Watershed Study Cites Opportunity To Improve Nyc Drinking Water And Catskill Waterway
Attorney General Spitzer today issued a report on water quality in the Schoharie Reservoir that identifies a new water intake structure which could improve the quality of drinking water drawn from the reservoir and protect a prized Catskill Mountain trout stream.
The report analyzes "turbidity" levels at the Schoharie Reservoir, which provides approximately 20% of New York City's drinking water. Turbidity refers to the effects of suspended sediment in the water reducing water clarity and general quality. Entitled "Clean Water - Clean Creek: A Proposal for a Multiple Level Water Intake Structure in the Schoharie Reservoir to Improve Drinking Water Quality, Protect the Esopus Creek, and Expand the New York City Water Supply" the report examines the quality of water sampled at sites throughout the reservoir to explore ways to reduce its turbidity.
"Safe drinking water is essential to the future of New York," said Attorney General Spitzer. "New York City does a tremendous job providing over a billion gallons of clean water to city residents each day. The analysis of water quality data in the reservoir suggests that a new water intake structure would improve the quality, clarity, temperature and volume of water available from the Schoharie Reservoir - which itself provides drinking water for 1 of every 11 New York State residents. I am delighted that the city will throughly examine the proposals in the report."
Christopher O. Ward, Commissioner of the New York City Department of Environment Protection said: "DEP appreciates the efforts made by Attorney General Spitzer and his staff in developing this proposal. We agree that it deserves careful consideration, and it will be evaluated along with other proposals during an upcoming engineering study which DEP expects to commence in early 2004. Several years ago, DEP concluded that it made sense to develop a long-term strategy to reduce turbidity in water from the Schoharie Reservoir, and this study is expected to substantially advance that effort."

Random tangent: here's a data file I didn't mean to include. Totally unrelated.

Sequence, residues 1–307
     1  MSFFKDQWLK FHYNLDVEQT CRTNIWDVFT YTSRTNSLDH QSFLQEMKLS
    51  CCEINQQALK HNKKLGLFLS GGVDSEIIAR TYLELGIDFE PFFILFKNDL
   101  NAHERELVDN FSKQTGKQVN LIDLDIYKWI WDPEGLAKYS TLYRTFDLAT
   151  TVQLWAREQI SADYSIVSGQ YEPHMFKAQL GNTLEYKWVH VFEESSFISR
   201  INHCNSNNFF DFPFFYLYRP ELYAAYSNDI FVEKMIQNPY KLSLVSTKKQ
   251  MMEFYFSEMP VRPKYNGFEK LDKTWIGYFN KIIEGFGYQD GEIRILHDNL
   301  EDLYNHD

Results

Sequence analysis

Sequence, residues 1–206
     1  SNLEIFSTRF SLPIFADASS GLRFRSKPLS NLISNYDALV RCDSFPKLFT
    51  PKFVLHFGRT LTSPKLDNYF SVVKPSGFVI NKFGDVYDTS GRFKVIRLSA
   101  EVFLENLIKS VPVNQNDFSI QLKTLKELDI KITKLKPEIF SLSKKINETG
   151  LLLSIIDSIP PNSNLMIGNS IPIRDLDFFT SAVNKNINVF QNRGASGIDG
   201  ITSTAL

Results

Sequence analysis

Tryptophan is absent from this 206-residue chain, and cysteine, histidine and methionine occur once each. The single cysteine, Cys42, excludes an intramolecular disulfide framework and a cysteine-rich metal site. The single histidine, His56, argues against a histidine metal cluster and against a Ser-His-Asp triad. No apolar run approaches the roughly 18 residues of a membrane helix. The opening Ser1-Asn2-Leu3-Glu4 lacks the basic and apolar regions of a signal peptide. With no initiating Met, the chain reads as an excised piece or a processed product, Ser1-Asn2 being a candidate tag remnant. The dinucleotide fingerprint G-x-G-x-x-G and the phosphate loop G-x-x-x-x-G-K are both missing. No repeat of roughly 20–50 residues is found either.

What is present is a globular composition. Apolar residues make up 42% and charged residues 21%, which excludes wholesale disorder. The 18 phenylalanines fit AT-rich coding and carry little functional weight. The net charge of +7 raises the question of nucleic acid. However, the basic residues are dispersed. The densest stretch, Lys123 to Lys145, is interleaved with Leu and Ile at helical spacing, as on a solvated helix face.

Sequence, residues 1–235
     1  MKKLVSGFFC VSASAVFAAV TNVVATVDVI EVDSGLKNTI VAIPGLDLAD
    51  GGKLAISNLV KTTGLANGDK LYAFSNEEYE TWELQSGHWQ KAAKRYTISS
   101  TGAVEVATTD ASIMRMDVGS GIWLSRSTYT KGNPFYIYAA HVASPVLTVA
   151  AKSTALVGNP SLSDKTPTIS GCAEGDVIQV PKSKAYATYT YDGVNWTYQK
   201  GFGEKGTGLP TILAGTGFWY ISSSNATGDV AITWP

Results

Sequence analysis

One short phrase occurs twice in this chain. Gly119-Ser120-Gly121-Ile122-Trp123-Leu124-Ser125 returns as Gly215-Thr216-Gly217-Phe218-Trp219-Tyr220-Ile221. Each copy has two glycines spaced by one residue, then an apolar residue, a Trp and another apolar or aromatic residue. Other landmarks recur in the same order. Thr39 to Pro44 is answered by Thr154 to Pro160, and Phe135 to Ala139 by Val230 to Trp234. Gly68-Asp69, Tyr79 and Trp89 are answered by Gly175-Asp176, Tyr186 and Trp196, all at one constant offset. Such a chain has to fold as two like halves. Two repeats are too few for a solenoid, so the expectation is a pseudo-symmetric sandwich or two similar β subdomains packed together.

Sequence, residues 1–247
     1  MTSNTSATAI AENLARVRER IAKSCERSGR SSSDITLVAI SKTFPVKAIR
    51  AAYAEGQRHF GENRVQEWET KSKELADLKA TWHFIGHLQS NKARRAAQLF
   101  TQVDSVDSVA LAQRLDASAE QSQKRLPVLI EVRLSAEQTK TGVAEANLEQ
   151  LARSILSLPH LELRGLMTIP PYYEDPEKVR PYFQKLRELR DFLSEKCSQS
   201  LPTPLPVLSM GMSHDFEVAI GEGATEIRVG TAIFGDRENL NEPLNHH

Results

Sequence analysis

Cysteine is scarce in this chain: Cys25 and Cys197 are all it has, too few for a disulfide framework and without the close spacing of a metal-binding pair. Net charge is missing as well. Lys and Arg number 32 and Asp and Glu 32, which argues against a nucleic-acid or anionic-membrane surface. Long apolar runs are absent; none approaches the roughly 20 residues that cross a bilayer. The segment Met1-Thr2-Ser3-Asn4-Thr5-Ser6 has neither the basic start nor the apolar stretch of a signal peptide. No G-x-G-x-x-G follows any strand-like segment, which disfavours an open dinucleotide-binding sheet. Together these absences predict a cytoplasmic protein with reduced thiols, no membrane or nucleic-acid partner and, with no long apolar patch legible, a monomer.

Turbidity in the Schoharie Reservoir is a natural phenomenon, resulting from the geology and geography of the reservoir basin. That basin is characterized by steep, mountainous terrain, and fast-flowing streams which often have exposed deposits of clay in the streambed. When heavy rainfall occurs, this clay is often washed into the stream and ultimately into the reservoir, making the water turbid.
The current water intake structure, located approximately in the middle of the reservoir, can only draw water from the reservoir's bottom. This means that New York City draws only bottom water, which is sometimes more turbid than water from higher levels of the reservoir. When this sediment-laden water empties into the Catskill Park's Esopus Creek, on its way to the Ashokan reservoir and then to the city, it often makes the creek brown and interferes with trout fishing on this heavily-used waterway. The turbidity also makes it harder for the city to achieve drinking water quality goals necessary for filtration avoidance.
The Attorney General's report proposes a new intake structure with openings at four to six levels that would allow the city to draw water from closer to both the surface and to the reservoir dam where the water is sometimes clearer. In addition, the new intake would be in a deeper area, allowing the city to draw colder water during the summer - which, while not a concern for the water supply, is good for the trout in the Esopus Creek - and potentially provide access to 3.5 billion gallons of additional water as may be necessary during droughts.
The proposed water intake structure could help the city avoid the need to construct a $6 billion dollar water filtration plant for the Catskill portion of its water supply. Attorney General Spitzer urges the federal government to help fund this new project through the Water Resources Development Act or another federal funding source.
The report is available on the Attorney General's website at: www.ag.ny.gov and was written by Peter Skinner, Chief Scientist; James Tierney, Watershed Inspector General; Charles Silver, Watershed Scientist and Peter Lehner, Environmental Bureau Chief.